Yi J.,Fujian Institute of Education | Liao F.-P.,Fujian Academy of Integrative Medicine | Zheng W.-W.,Fujian Academy of Agricultural science
Chinese Traditional and Herbal Drugs | Year: 2013

Objective: To provide the DNA molecular marker for the identification of Pseudostellaria heterophylla from the different idioplasms by analysis of rDNA ITS sequences. Methods: PCR amplification, cloning, and sequencing were carried out using specified primer, and the rDNA ITS base sequences were compared. Results: The ITS mutation extension was 623-624 pb among nine idioplasms of P. heterophylla. Thereinto, the ITS-1 was 224 pb and its G + C content was 52.91%-54.26%, the 5.8S rDNA was 155 bp and its G + C content was 54.49%-55.13%, the ITS-2 was 244-245 bp and its G + C content was 55.55%-56.41%. There were 17 mutation sites (2.72%) in the whole ITS sequences. There were 7, 7, and 3 mutation sites in ITS1, ITS2, and 5.8S, respectively. The different idioplasms had a number of specific single nucleotide mutation sites. Their homologies with each other were upwards 99.9% and their sequence genetic distances were 0.003-0.013. These results showed that the mutation in species from different producing areas and idioplasms was within no more than one species. Conclusion: The mutation of ITS sequences could be used to authenticate P. heterophylla from different idioplasms. Source

Zhao J.-Y.,Fujian Academy of Integrative Medicine | Zhao J.-Y.,Fujian University of Traditional Chinese Medicine | Chen Z.-H.,Fujian Guizhentang Pharmaceutical Co. | Lin W.,Fujian Academy of Integrative Medicine | And 4 more authors.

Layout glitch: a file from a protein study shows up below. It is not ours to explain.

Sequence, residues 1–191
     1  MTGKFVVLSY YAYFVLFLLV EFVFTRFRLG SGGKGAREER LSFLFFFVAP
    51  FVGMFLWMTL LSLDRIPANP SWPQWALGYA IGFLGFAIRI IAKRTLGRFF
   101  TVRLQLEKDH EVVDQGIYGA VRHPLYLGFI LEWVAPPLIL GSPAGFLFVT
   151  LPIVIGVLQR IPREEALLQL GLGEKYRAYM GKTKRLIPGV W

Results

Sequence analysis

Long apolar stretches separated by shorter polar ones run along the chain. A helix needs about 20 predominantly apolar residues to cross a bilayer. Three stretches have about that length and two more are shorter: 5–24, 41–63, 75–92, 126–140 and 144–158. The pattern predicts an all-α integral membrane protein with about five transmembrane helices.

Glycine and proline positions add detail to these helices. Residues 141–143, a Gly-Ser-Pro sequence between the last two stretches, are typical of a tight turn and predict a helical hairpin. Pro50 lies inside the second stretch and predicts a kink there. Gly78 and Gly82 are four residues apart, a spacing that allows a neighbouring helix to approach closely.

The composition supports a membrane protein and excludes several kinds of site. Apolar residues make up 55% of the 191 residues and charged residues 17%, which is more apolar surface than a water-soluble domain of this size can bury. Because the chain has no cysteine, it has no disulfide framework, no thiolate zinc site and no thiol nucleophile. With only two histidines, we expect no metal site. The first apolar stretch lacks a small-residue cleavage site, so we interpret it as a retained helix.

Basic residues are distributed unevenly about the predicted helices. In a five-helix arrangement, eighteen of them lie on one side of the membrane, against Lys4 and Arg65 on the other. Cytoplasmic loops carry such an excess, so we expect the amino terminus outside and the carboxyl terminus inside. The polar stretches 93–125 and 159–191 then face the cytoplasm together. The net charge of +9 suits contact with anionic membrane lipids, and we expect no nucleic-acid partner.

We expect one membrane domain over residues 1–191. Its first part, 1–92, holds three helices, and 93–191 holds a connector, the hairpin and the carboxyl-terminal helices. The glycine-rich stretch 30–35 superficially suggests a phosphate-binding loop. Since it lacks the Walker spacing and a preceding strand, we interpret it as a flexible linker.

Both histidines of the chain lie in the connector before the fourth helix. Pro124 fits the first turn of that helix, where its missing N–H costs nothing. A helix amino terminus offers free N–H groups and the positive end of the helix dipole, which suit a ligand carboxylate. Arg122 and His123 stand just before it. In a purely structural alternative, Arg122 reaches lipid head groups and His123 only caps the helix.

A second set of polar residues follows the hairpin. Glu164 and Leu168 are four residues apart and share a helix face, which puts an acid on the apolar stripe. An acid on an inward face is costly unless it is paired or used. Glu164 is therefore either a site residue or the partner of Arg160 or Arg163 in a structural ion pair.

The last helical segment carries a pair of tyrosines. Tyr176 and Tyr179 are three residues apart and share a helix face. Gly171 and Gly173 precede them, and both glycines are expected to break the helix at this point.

Chinese Journal of Integrative Medicine | Year: 2014

Objective: To evaluate the effect of Bear Bile Powder (BBP) on the growth and apoptosis of HepG2 human hepatocellular carcinoma cells, and investigate the possible molecular mechanisms mediating its anti-cancer activity. Methods: HepG2 cells were treated with 0.4-1.0 mg/mL of BBP for 24, 48 and 72 h. The viability of HePG2 cells was determined by MTT assay. Cellular morphology was observed via phase-contrast microscopy. Fluorescence-activated cell sorting analysis with Annexin-V/propidium idodide and 5,5′,6,6′-tetrachloro- 1,1′,3,3′-tetraethyl-benzimidazol-carbocyanine iodide (JC-1) staining was performed to determine cell apoptosis and the loss of mitochondrial membrane potential, respectively. Activation of caspase-9 and -3 was evaluated by a colorimetric assay. Results: The treatment with 0.4-1 mg/mL of BBP for 24, 48, or 72 h respectively reduced cell viability significantly by 7%-60%, 20%-90% or 25%-98%, compared with the untreated control cells (P<0.01). In addition, BBP treatment induced morphological changes in HepG2 cells. Furthermore, after treated with 0, 0.4, 0.6, 0.8 and 1.0 mg/mL of BBP, apoptosis cells (including early and late apoptotic cells) were 18.0%±1.3%, 34.9%±2.2%, 33.9%±2.8%, 37.4%±2.8% and 46.0%±2.5%, respectively (P<0.05); and the percentage of cells with reduced JC-1 red fluorescence were 6.6%±0.8%, 8.5%±0.8%, 13.5%±1.6%, 17.6%±2.3% and 46.7%±3.6%, respectively (P<0.01). Finally, BBP treatment significantly and dose-dependently induced activation of both caspase-9 and caspase-3 in HepG2 cells (P<0.05). Conclusion: BBP could inhibit the growth of HepG2 hepatocellular cancer cells through mitochondrion-mediated apoptosis, which may, in part, explain its anti-cancer activity. BBP may be a potential novel therapeutic agent for the treatment of hepatocellular carcinoma. © 2013 Chinese Association of the Integration of Traditional and Western Medicine and Springer-Verlag. Source